Ta-da! Here's a True Tangelo Genoise, the Heavenly Cake Bakers' assignment for February 8, 2010. Well, we were supposed to make a True Orange Genoise with Seville oranges, but I couldn't find any. So I went with some lovely organic Minneola tangelos instead.
This is a half-size recipe (6 inches). Since I'm terrible at decorating cakes to look smooth and regular, I was happy that this one called for random drizzles. Random I can do. Looks good, doesn't it?
Here's a glimpse of the inside (sorry about the smears of chocolate on the cake). Two layers of French sponge cake (genoise) with a thick layer of tangy tangelo curd inside. It was Rose's books that convinced me to try citrus curds, and I've been hooked ever since. You can find the recipe on her blog. I started with 12 tablespoons of tangelo juice and 1 tablespoon of lemon juice, and reduced it down to 6 1/2 tablespoons, somewhat like the directions for juice oranges at the bottom of the recipe. I used tangelo zest and the amount of sugar she specifies for juice oranges. And I made a whole recipe, even though my small cake would only use half of it. Leftover curd is never a problem -- it's great on toast, and it freezes well too.
The genoise layers look nice, don't they? Well...that's the part I was able to save. I've only made genoise twice and it's been a failure both times. Sigh. Here's the whole sad story.
I decided to make two half-size (6-inch) genoise so I could use freeze the other layer and use it later. After consulting Rose's information plus Shirley Corriher's "Bakewise," (which has 8 pages of information on making genoise) I carefully weighed out my eggs (yolks and whites separately, since many eggs seem to have puny little yolks these days). I whisked and heated them with the sugar (Shirley says to heat them to 86-90 F, and no hotter than 110 F.). Then I beat them with my hand-held power mixer -- Shirley says the optimum beating temperature is 75-80 F. Mine got cool after a while, so I re-warmed them briefly over the pan of hot water as needed. She says you should not beat too long on high speed or the foam will fall when cooked, so I beat for 2 minutes on high and then 10 minutes on medium as she recommended. The egg foam looked lovely, smooth, thick and glossy. Then I folded in my cake flour / cornstarch mixture. It went in nicely and the eggs did not deflate. Everything was looking great!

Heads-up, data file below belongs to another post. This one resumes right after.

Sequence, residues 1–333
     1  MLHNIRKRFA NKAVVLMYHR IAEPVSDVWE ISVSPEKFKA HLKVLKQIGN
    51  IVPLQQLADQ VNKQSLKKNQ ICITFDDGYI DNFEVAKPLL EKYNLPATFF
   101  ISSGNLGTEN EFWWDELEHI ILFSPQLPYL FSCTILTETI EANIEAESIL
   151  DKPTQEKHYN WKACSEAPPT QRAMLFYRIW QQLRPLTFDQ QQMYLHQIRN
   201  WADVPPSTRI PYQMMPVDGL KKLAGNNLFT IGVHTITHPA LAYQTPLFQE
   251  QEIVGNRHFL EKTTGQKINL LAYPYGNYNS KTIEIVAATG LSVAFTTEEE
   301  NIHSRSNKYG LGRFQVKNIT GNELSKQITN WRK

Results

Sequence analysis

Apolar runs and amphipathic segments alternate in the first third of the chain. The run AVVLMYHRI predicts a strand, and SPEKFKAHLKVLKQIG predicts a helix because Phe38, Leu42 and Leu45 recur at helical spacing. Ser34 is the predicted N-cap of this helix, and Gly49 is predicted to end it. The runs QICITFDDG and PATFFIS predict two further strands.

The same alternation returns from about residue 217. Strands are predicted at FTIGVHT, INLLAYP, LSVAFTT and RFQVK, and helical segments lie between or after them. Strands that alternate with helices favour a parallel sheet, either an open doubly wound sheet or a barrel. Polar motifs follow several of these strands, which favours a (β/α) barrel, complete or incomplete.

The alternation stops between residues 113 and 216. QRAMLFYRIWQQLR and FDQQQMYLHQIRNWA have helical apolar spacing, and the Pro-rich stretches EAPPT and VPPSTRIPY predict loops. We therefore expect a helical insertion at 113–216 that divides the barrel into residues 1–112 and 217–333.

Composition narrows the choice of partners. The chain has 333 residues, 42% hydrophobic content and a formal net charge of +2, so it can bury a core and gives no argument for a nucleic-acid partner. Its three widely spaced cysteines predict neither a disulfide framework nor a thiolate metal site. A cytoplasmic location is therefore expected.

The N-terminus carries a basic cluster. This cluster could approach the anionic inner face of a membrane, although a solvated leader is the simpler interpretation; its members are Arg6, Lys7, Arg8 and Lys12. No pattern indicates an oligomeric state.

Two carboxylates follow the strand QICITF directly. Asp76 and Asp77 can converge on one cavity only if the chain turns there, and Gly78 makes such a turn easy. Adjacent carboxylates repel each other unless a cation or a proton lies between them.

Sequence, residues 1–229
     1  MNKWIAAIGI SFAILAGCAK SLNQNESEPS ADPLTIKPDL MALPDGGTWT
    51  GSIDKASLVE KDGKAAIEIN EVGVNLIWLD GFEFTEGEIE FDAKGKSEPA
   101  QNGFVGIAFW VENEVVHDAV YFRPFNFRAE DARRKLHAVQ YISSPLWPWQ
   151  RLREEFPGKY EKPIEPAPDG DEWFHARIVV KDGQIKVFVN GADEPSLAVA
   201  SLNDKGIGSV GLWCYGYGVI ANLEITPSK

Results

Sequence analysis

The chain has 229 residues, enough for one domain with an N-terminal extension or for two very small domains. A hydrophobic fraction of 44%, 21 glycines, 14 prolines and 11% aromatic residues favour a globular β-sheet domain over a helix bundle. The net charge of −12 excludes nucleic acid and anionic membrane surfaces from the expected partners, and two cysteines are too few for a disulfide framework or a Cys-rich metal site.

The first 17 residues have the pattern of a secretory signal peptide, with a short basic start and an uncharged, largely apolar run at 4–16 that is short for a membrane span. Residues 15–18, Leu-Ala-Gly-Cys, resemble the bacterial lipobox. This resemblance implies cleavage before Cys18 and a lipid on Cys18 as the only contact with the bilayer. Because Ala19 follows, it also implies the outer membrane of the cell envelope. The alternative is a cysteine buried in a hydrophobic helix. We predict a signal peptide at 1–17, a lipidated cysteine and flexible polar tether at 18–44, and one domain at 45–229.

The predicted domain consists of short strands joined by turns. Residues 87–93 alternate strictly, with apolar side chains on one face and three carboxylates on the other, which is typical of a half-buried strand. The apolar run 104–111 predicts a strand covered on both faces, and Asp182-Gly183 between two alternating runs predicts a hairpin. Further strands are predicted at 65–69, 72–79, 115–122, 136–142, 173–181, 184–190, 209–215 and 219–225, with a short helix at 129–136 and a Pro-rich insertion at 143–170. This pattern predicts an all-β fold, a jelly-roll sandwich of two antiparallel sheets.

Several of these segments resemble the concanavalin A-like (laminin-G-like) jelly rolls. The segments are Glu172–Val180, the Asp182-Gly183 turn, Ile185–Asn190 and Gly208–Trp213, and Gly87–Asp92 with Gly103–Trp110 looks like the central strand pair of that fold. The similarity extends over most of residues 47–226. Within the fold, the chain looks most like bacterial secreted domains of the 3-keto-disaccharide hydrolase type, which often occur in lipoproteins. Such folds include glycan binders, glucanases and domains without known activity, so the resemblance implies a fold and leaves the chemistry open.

Then I took some of the egg mixture and mixed it in with the melted browned butter / vanilla mixture. (Rose says to remove this egg mixture before folding in the flour, but Shirley says to do it after. I guess it must work either way.) I think this is where the problem began -- I didn't mix the butter in completely. So when I folded this butter mixture back into the egg/flour mixture, the whole thing deflated badly, even though I used my very best folding technique that had worked so well with the flour.
Well, onwards...I divided the batter up between the two prepared 6-inch pans. As I smoothed the top, a lot of large bubbles formed and popped. But, the batter did fill the pans about half-way. Into the oven to see what happened...
They certainly did not turn out 2 inches high. More like 1 1/4 inches. But the worst surprise was when I turned them over and took off the parchment liners. At the bottom, there was a heavy, dense layer that almost reminded me of the rind on a cheese.
See it in that picture above? Yuck! I tried a tiny bite of the "rind," and it was tough and awful. So, I just cut it all off. My theory is that the butter came out of emulsion, dropped to the bottom of the cake, and formed a thick gooey layer that then baked hard.
At this point I was left with two somewhat denser genoise layers about 1 inch tall. OK, let's just make the cake with those! I figured I had about 3/4 of the genoise left, so I made up 3/4 of the syrup recipe (sugar, tangelo juice, Grand Marnier) and used it to soak the cake. I layered with the tangelo curd, made up all of the ganache glaze recipe (because extra ganache is never bad, especially when it has Grand Marnier in it too), and went ahead with the recipe. The decorations are home-made candied tangelo peel.
By the way, I didn't have the 60% percent chocolate called for in the ganache, so for 4 ounces of 60-62% chocolate, I substituted 3.5 ounces of 70% plus 0.5 ounces of sugar.
Despite the genoise disaster, this was very tasty. As someone else said, this is a "grown-up" cake, with the bitter/sour notes of the chocolate and orange. And it's very elegant. It was a lot of work, though. All those different components, and then putting them together, and waiting for it to mature...
I'm still determined to master genoise! I think I may try Shirley's recipe -- it is very similar to Rose's except that Shirley adds extra egg yolks. Egg yolks contain natural emulsifiers -- maybe that would help the butter to mix in better. Just you wait, genoise, I'll get you yet!